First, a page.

That being said I don't think that many families would want to have a huge family, but I could certainly see families of 3-4 kids being common with a lot of free time on one's hands. My main point is that I think even having 3-4 kids would but a strain on natural resources in the long-term, and until we master asteroid mining I think a more sustainable form of rationing is in order.

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Pyrtolin
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quote:
If you literally never had to go to work it wouldn't be too hard to manage a large family with BOTH PARENTS at home.
The number of relationship and interactions that have to be managed increase exponentially with each additional person.

quote:
That would make a big difference, and yes, the older siblings share the load.
On a good day, sure. On an average day, not a chance. On a bad day, being older means they take far more effort to manage than someone that you at least have a decent size advantage on and has less complex requirements.

quote:
I don't see why you think hand-me-downs isn't a cost saver...it's a huge advantage, and is not having to buy toys over and over.
MOre kids, more breakage, now each needs a full set, so where one set of toys does for one kid, two requires about two and a half, you're looking at about 6 by the time you get to 4. And, as noted above, hand me downs are just the handful of things taht you bought right before a kid grew out of them, a starter set for the next kid, but not nearly enough to get them all the way through that age.

HAving just doubled the number of kids in my own household and taken on an additional adult, the notion that there's less work for more kids instead of vastly more is completely absurd.

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Pyrtolin
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quote:
You're forgetting that if they intend to live off a basic income and have a lot of kids then "location, location, location" becomes irrelevant and they could easily afford a larger place off the beaten path.

And starve? Or now need larger vehicles, more fuel, higher utility cots, etc...

I guess they could take up farming, but the costs escalate pretty rapidly for that as well, and the notion that hey're not working goes away completely.

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Pyrtolin
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To put his another way- _getting pregant_ for many people, can be easy. Especially if you're in an economic position that exhausts or preempts your ability or will to avoid it. Nothing that comes after is remotely easy, never mind when you repeat the process.
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Seriati
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I'm hard pressed to see how paying people regardless of whether they work, would be better than fixing the weaning off process so that it's not starkly against their interests to work.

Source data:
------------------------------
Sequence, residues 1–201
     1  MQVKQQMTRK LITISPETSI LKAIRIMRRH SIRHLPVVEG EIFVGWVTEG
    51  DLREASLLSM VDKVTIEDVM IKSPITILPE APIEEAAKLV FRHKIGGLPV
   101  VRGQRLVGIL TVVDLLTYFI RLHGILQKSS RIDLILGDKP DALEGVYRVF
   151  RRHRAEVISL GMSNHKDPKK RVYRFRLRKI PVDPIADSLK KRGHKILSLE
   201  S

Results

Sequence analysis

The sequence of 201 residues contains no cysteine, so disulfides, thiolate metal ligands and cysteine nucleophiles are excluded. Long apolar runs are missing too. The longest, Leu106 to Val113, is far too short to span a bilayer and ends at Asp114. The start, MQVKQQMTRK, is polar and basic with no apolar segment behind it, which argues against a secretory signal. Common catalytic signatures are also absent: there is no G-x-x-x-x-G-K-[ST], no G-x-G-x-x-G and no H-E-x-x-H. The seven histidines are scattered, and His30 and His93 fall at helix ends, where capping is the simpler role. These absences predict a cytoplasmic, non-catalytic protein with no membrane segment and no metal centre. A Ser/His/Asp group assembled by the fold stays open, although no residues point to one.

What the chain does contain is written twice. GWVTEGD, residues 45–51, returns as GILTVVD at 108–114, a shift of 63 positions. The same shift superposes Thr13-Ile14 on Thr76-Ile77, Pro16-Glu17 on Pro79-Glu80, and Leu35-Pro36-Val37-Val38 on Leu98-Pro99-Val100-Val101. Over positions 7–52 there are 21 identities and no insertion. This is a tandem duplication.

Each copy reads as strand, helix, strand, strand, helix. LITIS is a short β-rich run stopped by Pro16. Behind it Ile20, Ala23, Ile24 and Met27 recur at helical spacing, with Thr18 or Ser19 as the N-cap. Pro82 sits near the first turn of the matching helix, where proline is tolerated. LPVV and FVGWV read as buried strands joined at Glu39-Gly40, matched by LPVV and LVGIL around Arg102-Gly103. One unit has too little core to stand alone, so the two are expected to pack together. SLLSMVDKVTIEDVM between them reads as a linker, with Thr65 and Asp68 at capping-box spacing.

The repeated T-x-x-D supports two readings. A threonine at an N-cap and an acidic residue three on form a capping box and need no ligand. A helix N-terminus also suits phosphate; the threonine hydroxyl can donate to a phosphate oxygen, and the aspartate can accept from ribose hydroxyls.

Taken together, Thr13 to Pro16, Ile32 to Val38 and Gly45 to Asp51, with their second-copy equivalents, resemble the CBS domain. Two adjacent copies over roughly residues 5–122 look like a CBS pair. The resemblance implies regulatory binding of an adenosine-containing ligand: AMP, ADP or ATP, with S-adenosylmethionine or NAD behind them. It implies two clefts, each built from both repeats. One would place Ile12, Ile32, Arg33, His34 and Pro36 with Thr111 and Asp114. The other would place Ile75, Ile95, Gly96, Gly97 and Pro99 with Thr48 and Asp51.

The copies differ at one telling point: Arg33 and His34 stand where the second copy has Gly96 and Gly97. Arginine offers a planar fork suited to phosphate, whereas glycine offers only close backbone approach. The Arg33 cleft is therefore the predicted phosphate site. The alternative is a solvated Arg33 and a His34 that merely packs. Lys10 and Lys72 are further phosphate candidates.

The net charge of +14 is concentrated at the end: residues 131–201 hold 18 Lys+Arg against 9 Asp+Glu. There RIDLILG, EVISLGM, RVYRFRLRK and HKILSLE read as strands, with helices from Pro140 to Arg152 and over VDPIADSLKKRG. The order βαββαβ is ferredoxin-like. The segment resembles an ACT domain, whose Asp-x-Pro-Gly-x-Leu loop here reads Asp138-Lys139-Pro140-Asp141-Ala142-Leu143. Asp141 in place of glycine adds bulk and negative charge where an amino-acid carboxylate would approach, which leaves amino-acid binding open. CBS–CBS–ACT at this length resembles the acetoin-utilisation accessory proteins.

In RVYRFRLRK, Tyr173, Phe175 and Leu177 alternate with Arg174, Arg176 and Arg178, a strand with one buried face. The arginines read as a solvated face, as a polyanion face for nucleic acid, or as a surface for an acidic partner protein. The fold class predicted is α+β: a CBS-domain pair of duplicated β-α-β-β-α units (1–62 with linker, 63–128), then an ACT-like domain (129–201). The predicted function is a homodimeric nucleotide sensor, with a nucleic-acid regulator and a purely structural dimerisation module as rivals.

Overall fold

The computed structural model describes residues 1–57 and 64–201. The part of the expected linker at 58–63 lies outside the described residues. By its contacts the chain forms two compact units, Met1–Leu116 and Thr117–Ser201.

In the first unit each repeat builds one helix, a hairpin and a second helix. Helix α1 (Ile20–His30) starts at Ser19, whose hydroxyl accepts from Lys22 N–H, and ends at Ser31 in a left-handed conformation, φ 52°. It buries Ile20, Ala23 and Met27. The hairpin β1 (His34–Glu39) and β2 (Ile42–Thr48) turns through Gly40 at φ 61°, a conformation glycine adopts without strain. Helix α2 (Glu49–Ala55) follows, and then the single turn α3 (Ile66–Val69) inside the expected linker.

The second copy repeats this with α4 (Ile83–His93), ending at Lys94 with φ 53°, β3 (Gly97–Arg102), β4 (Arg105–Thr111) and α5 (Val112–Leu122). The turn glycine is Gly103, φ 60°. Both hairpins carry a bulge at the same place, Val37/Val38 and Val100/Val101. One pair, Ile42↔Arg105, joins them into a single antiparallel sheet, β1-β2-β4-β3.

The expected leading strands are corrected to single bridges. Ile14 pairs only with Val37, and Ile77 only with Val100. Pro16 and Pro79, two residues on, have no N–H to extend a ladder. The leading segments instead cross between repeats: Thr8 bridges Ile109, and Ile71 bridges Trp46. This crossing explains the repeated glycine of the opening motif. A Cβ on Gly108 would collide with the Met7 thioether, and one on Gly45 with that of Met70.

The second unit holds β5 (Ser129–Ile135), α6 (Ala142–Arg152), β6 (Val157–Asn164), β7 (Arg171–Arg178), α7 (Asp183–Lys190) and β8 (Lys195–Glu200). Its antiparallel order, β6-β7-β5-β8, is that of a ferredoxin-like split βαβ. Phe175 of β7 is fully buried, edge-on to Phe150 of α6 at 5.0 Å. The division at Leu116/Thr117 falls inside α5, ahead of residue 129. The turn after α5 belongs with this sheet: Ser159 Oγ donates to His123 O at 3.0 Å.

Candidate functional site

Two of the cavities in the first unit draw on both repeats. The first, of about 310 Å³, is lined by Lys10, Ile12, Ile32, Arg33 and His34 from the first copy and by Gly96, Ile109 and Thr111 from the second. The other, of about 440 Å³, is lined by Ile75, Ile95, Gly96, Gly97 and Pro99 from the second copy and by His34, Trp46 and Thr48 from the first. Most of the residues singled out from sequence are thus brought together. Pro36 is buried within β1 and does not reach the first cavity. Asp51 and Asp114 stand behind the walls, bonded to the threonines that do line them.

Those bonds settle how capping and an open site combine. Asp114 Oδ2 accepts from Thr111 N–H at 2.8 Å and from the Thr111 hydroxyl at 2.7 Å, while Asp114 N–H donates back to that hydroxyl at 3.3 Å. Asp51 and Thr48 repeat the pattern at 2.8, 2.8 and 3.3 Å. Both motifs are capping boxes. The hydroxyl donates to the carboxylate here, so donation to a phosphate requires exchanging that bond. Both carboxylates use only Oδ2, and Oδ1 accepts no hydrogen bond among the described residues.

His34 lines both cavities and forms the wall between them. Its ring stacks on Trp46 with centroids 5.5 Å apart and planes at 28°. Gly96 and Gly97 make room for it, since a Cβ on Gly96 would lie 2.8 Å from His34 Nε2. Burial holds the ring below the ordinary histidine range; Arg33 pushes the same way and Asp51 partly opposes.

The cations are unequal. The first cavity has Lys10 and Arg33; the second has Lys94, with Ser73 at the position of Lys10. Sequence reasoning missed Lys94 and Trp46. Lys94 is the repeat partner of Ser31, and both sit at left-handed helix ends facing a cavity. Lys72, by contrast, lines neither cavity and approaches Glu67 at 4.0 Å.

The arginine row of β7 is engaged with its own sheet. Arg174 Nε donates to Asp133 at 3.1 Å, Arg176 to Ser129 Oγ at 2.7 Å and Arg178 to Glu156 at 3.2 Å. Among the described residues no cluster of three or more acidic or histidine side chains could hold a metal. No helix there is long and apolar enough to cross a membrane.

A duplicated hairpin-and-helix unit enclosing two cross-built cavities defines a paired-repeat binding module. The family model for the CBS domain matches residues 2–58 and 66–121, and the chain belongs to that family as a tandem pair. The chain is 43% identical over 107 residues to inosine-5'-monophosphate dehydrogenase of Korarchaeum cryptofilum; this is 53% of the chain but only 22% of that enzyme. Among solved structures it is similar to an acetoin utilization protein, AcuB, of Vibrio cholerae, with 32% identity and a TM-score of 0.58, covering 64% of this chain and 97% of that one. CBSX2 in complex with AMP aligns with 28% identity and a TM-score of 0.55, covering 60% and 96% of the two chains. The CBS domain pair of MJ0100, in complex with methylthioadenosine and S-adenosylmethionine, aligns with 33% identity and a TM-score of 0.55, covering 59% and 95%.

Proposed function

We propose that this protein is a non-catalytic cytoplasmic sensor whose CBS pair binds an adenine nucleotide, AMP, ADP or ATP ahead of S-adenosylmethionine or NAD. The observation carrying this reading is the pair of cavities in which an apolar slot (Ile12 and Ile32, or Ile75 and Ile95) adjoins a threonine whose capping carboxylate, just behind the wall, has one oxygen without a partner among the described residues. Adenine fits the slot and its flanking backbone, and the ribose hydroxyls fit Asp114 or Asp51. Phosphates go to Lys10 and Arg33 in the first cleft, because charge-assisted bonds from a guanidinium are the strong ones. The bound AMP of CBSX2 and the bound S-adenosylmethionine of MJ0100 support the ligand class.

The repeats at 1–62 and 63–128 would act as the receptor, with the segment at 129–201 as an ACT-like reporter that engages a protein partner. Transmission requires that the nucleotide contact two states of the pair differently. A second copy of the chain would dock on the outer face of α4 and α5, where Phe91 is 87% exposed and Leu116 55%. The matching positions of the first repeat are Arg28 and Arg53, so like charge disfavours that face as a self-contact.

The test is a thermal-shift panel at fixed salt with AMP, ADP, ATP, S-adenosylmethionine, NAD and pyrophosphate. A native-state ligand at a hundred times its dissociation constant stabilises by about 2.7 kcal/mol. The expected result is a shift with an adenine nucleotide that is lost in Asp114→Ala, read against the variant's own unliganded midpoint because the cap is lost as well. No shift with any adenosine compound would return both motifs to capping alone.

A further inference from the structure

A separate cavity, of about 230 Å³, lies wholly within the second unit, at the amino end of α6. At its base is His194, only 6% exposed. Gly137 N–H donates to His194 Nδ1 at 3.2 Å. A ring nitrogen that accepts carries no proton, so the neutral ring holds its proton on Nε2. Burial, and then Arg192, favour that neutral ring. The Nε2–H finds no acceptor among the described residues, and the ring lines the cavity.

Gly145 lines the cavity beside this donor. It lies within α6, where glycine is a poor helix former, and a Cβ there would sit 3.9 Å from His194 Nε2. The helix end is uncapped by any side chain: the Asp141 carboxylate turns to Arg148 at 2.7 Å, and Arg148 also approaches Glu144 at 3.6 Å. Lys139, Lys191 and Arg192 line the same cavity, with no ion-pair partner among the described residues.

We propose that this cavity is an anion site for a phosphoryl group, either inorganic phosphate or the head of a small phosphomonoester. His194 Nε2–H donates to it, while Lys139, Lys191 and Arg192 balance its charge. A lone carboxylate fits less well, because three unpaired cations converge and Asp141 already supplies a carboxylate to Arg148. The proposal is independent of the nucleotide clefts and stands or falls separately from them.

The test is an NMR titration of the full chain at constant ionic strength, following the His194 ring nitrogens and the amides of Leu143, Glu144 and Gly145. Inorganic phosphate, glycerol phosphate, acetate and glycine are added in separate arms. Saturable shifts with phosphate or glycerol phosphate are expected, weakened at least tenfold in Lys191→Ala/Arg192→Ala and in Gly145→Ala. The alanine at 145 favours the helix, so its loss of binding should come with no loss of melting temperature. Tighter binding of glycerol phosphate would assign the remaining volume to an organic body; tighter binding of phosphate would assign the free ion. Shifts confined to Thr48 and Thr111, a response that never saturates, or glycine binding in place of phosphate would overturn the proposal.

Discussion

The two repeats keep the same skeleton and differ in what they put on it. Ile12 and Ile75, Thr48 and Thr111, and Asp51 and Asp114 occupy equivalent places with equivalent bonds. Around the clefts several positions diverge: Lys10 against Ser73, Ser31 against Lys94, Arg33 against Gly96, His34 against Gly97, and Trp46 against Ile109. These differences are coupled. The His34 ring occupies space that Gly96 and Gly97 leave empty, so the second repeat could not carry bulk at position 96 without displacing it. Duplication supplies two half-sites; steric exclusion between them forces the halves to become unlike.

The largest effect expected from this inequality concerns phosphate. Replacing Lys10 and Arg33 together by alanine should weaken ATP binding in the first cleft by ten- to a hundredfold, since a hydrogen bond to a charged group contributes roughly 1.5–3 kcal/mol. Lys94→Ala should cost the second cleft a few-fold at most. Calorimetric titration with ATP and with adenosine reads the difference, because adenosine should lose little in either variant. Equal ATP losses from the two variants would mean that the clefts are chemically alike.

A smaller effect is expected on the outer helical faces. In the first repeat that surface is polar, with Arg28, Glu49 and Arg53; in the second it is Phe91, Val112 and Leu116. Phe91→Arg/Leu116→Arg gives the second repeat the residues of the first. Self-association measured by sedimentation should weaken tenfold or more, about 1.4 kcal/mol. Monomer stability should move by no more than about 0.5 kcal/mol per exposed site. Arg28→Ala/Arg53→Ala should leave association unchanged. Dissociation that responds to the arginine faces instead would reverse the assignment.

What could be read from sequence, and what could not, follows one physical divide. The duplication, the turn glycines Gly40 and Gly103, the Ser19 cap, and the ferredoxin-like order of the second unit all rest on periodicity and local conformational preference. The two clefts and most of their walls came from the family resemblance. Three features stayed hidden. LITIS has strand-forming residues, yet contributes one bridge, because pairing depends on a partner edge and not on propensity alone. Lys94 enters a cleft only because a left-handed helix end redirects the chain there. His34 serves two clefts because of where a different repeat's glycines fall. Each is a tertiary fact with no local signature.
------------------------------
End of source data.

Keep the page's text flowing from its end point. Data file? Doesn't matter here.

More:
quote:
I don't think it would be that simple. You'd see an increase in labor rates, and probably, overall working conditions as companies needed to make a better bid for workers.
So companies would incur higher costs of production. Which means higher costs for their products, which eats the basic support costs up leaving a new hole to fill. Which we will solve for with, central planning....
quote:
We'd also need to take a look at the overall industry and decide if it was worth supporting domestically (and it certainly would be for those fruits that are best suited to grow in certain areas) and thus perhaps pitching in for the difference between the production cost and the baseline reasonable sales price at the public level.
So central planners pick the good industries and subsidize the good products to ensure that they remain affordable, notwithstanding the higher costs. And we even use price controls to make sure it all fits together. How is this "never been tried system" different in any way from the failed communist systems? Oh yeah, we're smart and we'll do it right! Cause you know a few enlightened experts can always make better decisions about what people need and want to buy than the people themselves, and no one in a collective ever turns out to just act in their own self interest and mooch off of the system.
quote:
I think cheap, exploitable labor is keeping us stuck in a broken model for such goods because it's easier to run on inertia as long as nominal costs are so low. Putting pressure on the industry to get its house in order will force the innovation we need to break it out of its current trap.
Yep, the USSR was world renowned for its innovation and for breaking people out of the trap of low wages.

It's not exploitable labor, it's labor that can be done by anyone, any where at any time, and that is generally replaceable by a machine at any higher cost level. The fact that people take the jobs contra-logically to you does not mean that they want the jobs, because like the central planning committee you don't believe those are jobs anyone should want (or that the pre-Obama care insurance rationally met their needs), hence they must be exploited. Care to explain, why so many people in a modern society, with free education, manage to get to adulthood without any useful skills?

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Rafi
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quote:
Originally posted by Pyrtolin:
To put his another way- _getting pregant_ for many people, can be easy. Especially if you're in an economic position that exhausts or preempts your ability or will to avoid it. Nothing that comes after is remotely easy, never mind when you repeat the process.

How many children do you have? I'm guessing none.